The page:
Nerve growth factor synthesis in vascular smooth muscle.
Details of the interdependent, trophic relation between smooth muscle and its neural innervation are not well known despite suggestions that neural influences may contribute significantly to hypertensive and other cardiovascular disease. Vascular smooth muscle is a major target of innervation by neurons of the sympathetic nervous system. Sympathetic neurons depend on a constant supply of the potent neurotrophic peptide nerve growth factor. Nerve growth factor regulates an impressive list of neuronal and perhaps muscle properties, yet its source in vessels and the determinants of its synthesis are not known. We have taken advantage of the cytoarchitecture of the aorta to demonstrate that vascular smooth muscle cells synthesize nerve growth factor. The survival of cultured sympathetic neurons is supported in a nerve growth factor-dependent manner by co-culture with pure rat aortic vascular smooth muscle cells. Furthermore, pure smooth muscle cell cultures contain nerve growth factor-specific messenger RNA. Levels of messenger nucleic acid coding for nerve growth factor in smooth muscle are regulated by contractile agonists (angiotensin II, arginine vasopressin) and the adrenergic agonist phenylephrine. This suggests a link between muscle activity and growth factor production. Secretion of nerve growth factor protein by vascular smooth muscle was measured using a sensitive two-site immunoassay. Secretion is highest during muscle growth. Secretion is elevated by angiotensin II and arginine vasopressin but slightly inhibited by phenylephrine. These results suggest that cultured vascular smooth muscle can serve as a useful model in which to study the cellular regulation of trophic factor synthesis in health and disease.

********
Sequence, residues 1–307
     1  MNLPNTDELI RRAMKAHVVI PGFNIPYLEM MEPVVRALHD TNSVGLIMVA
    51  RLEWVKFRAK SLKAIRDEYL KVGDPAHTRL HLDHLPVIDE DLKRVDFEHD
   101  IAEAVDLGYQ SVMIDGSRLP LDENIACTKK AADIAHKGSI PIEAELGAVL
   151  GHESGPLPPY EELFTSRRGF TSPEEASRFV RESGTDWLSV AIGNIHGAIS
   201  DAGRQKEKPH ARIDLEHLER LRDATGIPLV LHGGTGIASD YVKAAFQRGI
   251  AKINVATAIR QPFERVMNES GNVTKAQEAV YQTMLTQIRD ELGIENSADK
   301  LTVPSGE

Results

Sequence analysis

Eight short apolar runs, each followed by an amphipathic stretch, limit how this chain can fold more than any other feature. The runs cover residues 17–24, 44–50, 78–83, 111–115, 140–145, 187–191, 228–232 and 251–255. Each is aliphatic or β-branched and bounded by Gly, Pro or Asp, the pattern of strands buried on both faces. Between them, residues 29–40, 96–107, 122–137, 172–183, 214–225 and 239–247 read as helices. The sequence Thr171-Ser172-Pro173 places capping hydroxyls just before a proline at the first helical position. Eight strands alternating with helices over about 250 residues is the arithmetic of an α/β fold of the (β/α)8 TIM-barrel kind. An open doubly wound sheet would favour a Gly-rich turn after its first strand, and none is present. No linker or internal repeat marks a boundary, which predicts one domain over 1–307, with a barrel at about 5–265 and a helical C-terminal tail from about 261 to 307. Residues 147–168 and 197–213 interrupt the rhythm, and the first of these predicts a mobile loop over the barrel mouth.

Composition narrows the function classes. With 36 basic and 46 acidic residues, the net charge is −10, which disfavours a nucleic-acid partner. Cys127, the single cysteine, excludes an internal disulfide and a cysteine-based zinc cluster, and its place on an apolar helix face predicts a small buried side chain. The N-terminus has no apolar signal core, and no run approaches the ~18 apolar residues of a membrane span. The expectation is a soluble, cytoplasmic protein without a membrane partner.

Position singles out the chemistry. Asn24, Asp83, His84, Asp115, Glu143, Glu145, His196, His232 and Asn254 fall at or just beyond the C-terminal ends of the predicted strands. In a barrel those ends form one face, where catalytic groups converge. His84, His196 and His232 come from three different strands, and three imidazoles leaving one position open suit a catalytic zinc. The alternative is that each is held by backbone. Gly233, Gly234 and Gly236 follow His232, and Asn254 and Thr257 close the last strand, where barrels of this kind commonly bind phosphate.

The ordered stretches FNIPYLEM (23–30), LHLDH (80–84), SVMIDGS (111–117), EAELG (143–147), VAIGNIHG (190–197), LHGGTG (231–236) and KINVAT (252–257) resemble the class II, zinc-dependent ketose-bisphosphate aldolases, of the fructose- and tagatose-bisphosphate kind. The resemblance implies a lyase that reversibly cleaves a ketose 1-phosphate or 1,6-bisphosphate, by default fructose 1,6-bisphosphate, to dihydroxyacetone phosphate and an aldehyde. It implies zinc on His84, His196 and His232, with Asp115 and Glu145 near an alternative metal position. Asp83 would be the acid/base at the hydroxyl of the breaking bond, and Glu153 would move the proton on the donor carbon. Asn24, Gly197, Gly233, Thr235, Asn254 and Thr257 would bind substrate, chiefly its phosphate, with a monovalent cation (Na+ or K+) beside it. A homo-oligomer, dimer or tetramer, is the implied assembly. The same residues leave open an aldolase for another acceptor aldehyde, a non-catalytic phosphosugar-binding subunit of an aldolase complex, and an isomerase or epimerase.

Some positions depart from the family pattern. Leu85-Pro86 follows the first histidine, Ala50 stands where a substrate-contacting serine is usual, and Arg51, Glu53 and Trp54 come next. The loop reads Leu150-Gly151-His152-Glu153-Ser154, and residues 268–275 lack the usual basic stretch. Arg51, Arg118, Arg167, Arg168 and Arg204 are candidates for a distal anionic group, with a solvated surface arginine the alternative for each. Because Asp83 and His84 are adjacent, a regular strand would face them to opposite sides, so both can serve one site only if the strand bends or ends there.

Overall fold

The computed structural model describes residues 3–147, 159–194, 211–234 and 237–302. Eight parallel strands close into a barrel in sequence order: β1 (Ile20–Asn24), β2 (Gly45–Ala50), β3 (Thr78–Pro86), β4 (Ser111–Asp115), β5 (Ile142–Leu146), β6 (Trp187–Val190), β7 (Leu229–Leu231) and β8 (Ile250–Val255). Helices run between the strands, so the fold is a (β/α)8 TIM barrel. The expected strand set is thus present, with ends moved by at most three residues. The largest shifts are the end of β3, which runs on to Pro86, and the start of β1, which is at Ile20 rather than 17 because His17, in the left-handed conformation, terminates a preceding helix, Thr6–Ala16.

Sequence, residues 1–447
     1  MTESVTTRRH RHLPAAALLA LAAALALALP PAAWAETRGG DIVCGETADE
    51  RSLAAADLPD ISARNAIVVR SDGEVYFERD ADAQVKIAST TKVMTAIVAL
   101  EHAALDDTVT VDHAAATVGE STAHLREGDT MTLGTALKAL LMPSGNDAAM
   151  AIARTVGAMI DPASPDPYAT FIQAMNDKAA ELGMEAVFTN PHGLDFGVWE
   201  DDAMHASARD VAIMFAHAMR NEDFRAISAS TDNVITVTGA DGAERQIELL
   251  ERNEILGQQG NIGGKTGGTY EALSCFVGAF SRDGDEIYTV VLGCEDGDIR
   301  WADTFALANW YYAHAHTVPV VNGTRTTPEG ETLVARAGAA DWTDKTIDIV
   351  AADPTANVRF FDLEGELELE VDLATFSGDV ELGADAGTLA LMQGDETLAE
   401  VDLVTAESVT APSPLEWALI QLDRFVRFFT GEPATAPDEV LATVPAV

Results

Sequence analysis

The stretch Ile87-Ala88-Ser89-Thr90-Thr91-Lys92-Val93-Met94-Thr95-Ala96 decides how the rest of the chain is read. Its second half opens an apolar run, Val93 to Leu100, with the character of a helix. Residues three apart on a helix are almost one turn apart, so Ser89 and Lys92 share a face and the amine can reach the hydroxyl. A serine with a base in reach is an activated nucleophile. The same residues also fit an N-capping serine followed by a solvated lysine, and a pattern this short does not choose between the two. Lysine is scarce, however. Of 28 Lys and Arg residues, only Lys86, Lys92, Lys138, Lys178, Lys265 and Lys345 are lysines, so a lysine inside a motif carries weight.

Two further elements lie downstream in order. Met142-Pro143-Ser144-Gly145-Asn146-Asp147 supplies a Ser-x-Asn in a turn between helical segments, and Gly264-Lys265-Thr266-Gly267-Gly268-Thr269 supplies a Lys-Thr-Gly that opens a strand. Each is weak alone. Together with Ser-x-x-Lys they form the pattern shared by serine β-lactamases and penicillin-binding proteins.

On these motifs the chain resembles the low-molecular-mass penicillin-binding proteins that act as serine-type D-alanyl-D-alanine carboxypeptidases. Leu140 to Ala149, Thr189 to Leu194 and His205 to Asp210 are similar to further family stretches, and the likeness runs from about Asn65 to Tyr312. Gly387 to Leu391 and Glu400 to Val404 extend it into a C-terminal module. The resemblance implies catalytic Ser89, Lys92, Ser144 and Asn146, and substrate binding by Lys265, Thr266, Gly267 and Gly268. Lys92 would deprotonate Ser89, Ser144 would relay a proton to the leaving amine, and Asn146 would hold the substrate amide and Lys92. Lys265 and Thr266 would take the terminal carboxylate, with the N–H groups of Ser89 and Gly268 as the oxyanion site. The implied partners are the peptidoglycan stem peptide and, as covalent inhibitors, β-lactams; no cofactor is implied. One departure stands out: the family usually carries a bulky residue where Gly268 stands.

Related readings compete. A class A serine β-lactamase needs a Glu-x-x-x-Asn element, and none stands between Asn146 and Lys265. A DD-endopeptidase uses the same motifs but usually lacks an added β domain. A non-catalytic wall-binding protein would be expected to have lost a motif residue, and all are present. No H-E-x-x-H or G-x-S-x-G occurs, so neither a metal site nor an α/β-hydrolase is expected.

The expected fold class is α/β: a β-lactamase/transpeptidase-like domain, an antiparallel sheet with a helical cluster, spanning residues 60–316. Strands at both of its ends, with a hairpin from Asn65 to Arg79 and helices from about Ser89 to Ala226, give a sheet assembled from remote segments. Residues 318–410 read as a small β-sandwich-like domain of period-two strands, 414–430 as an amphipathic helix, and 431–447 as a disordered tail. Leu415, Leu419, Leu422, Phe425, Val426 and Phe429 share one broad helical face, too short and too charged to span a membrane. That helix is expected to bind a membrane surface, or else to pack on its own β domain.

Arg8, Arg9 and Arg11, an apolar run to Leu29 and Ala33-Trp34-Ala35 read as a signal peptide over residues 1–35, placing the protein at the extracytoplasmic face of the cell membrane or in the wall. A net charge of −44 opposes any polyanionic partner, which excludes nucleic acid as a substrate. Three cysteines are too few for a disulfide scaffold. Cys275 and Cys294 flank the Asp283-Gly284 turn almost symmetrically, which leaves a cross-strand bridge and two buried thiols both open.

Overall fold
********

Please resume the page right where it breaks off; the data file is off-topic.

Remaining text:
- Copyright © 1991 by American Heart Association